Dr Jocelyne Bloch: Bringing Brain Cells Back Home

Through treating everything from strokes to car accident traumas, neurosurgeon Dr Jocelyne Bloch knows the brain’s inability to repair itself all too well. But now, she suggests, she and her colleagues may have found the key to neural repair: Doublecortin-positive cells. Similar to stem cells, they are extremely adaptable and, when extracted from a brain, cultured and then re-injected in a lesioned area of the same brain, they can help repair and rebuild it. “With a little help,” Bloch says, “the brain may be able to help itself.”

Dr Jocelyne Bloch Is Helping To Unlock Potential Self-Healing Capacities Of The Human Brain

Swiss neurosurgeon, Dr Jocelyne Bloch, is an expert in deep brain stimulation and neuromodulation for movement disorders. Her recent work focuses on cortical cells, called doublecortin, related to neurogenesis and brain repair. In collaboration with Jean François Brunet and others, she is pioneering the development of adult brain cell transplantation for patients with stroke, using their own stem cells. She aims at gathering all these novel therapeutic strategies under a common umbrella that will optimise treatment options for patients suffering from neurological impairments. She is in charge of the Functional Neurosurgery Unit at the Lausanne University Hospital (French language site).

The Health-Care Survivor’s Comment

I am genuinely fascinated by this work, since my condition, Cerebral Palsy, could, one day, become treatable by this technique.

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Mike Tawse

Despite being deeply grateful to all of the surgeons, and everyone else who cared for me. There is almost nothing that would convince me to have another operation, but the chance that work like this could help me, and those who come after me, could be an exception. I shall watch this work with great interest, and hope for the future, whether or not it is mine.


How can i be considered a participant regarding this study? I could be a perfect candidate for any/all areas. I am 52 years old. Prior to my massive stroke 03/08/2014 I was extremely healthy, non smoker, non drinker. I had no history of blood pressure or cholesterol problems. I was very active with my family–sports, jogging, running, parent participation in school functions. I am now paralyzed on my left side, vision problems/neglect on my left. I struggle with confusion and memory problems at times. I am eager to volunteer for anything that could help me as well as further the study for this breakthrough. PLEASE help me. I want my life back with my wife and children. I am still young. I want the rest of my life to be one of participation, not observation.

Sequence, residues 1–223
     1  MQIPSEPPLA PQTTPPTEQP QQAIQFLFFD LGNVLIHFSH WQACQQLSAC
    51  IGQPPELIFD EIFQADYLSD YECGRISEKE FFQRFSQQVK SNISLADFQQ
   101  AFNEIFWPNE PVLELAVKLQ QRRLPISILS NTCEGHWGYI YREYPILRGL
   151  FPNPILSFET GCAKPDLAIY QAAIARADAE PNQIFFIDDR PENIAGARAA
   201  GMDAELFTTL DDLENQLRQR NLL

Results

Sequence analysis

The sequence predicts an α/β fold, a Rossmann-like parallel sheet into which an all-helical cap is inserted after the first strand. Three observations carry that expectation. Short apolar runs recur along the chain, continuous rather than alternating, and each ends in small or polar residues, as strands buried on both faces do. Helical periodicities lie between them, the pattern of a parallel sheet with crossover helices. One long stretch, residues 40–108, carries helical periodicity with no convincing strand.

The Health-Care Survivor

Hi Ken,

Thank you for contacting me, and for your interest in this post. I have no way of knowing whether Dr Bloch is looking for volunteers at the moment, but I have added a link to the article, so that you can contact her directly. (Please note, the website of Lausanne University Hospital is in French.) I hope this helps. Thank you for being willing to take part in such fascinating research.

I wish you well in your ongoing search for good health, and for the fullest possible return to the best possible quality of active life. Please feel free to contact me, via the ‘Contact Me’ link in the menu at the top of the page if I can be of any more assistance. I will be happy to help, if I can.

Best wishes to you and your family.

Mike Tawse: The Health-Care Survivor


Hello Mike,

Can this be tried on Children. I have a Neonatal stroke survivor she is hemipleagic, left side affected. She’s 2.5.

The Health-Care Survivor